They [interruptions] anger him [the Christian man] because he regards his time as his own and feels that it is being stolen. You must therefore zealously guard in his mind the curious assumption ‘My time is my own’. Let him have the feeling that he starts each day as the lawful possessor of twenty-four hours. Let him feel as a grievous tax that portion of this property which he has to make over to his employers, and as a generous donation that further portion which he allows to religious duties.

In deceiving the individual into believing he or she possesses the very time that passes, any intrusion upon one’s time by one’s neighbor (let alone by God) is seen as an offense, a “tax” upon one’s property. This opens up the door to various kinds of conflict between the individual self and “the other,” as human pride is further fueled by the enemy and every inch of “our” lives becomes a battlefield. After all, the notion that man possesses time itself can only be the height of hubris!

Regarding the body, it is much the same. The sense of “having” or “owning” a body is the source of incredible pride and egocentricism:

Much of the modern resistance to chastity comes from men’s belief that they ‘own’ their bodies—those vast and perilous estates, pulsating with the energy that made the worlds, in which they find themselves without their consent and from which they are ejected at the pleasure of Another! It is as if a royal child whom his father has placed, for love’s sake, in titular command of some great province, under the real rule of wise counsellors, should come to fancy he really owns the cities, the forests, and the corn, in the same way as he owns the bricks on the nursery floor.

C.S. Lewis, The Screwtape Letters

It is this “sense of ownership,” this claim to “having rights” over everything from tangibles like houses and motor-cars,7 for Marcel avoir-possession, or “possessing having” to even the physical pains and pleasures of “those vast and perilous estates” that are human bodies8 for Marcel, the avoir-implication, or “implicit having” that enslaves us. Only when we realize that none of these things are appropriately ours, even if we experience them as such, but instead are part of the Divine life, can we begin to relinquish this false self, and in doing so participate in the life of God. In letting go of our ownership, our “having,” we can really start to be, and having found our identity in Christ, we can truly begin to “be in Him.” Rather than being creatures who possess things, we are transformed into creations that participate in the grand drama of Being itself.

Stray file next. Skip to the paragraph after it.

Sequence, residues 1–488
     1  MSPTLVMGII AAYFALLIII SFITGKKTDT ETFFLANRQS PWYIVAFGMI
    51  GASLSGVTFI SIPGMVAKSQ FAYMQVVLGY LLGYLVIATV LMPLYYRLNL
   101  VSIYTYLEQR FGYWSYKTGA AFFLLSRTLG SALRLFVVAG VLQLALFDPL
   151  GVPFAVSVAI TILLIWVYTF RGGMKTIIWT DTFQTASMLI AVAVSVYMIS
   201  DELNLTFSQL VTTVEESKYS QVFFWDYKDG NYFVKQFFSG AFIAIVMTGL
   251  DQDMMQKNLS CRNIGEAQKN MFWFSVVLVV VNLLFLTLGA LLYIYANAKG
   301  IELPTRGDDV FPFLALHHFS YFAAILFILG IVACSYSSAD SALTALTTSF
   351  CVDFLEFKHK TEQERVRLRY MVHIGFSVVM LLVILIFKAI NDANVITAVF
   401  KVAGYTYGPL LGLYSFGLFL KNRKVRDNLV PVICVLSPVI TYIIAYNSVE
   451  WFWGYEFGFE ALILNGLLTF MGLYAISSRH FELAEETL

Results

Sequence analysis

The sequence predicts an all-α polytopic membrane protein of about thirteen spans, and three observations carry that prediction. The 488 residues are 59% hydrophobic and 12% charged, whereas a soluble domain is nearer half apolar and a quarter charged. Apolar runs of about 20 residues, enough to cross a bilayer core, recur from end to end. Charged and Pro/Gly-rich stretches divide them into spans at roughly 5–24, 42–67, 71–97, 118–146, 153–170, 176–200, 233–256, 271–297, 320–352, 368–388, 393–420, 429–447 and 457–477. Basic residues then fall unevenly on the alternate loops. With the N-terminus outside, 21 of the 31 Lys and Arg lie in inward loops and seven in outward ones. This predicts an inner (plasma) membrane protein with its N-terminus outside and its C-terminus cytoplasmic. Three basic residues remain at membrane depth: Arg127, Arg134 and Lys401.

Applied concretely, this would also put us as a society on a much better track than we are currently on, for our goals would not be economic, i.e. related to everyone “having” an equal amount of x, y, or z; but rather ontic, i.e. related to everyone being together and being fundamentally equal regardless of what they have. Perhaps then we would better understand Christ when he says “you are the salt of the earth…you are the light of the world.” Why allow a false notion of possession spoil the salt or hide that light?

“For his sake I have suffered the loss of all things and count them as rubbish, in order that I may gain Christ and be found in him…”

Ephesians 3:8bff

A Power Unto Salvation?: Part II – Can Science Save?

In this series I am analyzing three broad approaches to understanding and responding to the human condition: Scientism, Semanticism, and Supernaturalism. In the previous post I defined what I mean by each. In this post I will take a closer look at Scientism, and see how it tries to answer the fundamental questions of human morality, meaning and purpose, i.e. the human condition.

First, What is The Human Condition?

While this foundational question could be addressed several ways, for my purposes here I will draw from perhaps the greatest existentialist philosopher of the 20th century, Martin Heidegger, who framed the problem of human existence in a profound way. The human condition is for Heidegger, at rock bottom, related to the simple fact that when we think about any kind of beings that exist in the world, one thing we recognize is that only human beings, out of all other beings (e.g. apples, aardvarks, atoms), are capable of asking the question itself, “what is Being?”. Human beings, whatever they may be, and only those beings that are human grapple with the meaning of Being itself (in German Sein), as well as the experience of “Being-there” (Dasein) among other beings. For whatever “Being” is we are at least concretely participatory in it in virtue of our being alive and being conscious. As such we find ourselves like helpless creatures, creatures thrown into the world (Geworfenheit), disposed to it (Befindlichkeit), having various moods (Stimmungen) about it, and, in some very real way, fallen away from it and from our own selves, for we do not properly know what it means to be to begin with.1 One artistic attempt to portray this kind of existentialism is the movie, Being There with the late British actor Peter Sellars. In the film, the gardener, Chance, is thrown out of his simple, edenic circumstances into a modern world that he has no way of understanding or really relating to. He is a mere observer of the variety of beings presented to him. This just is our experience of things, or at least it is in this period of late modernity in which we now reside.

Hence, we find ourselves in the world, having experiences of it, but with this (horrible?) capacity to “step back” and think about our own being in the world, to include the tremendous freedom we possess to interact with the world, i.e. with other beings, and with our own selves (called Projection).2 For more on Heidegger, see Michael Wheeler’s article in The Stanford Encyclopedia of Philosophy https://plato.stanford.edu/entries/heidegger/#Que We are therefore both determined, in virtue of our not having chosen to exist, yet we are also existentially free in that we can make choices to act, and in acting become something other than what we are right now. This is both a wondrous, and terrifying, reality. It is wondrous because the fact of it is innately mysterious. It is terrifying, because having abandoned the previous universal hermeneutic of religious belief that explained our existence to us, we now feel incapable of offering any sufficient answer to the emotional and intellectual anxiety existence causes.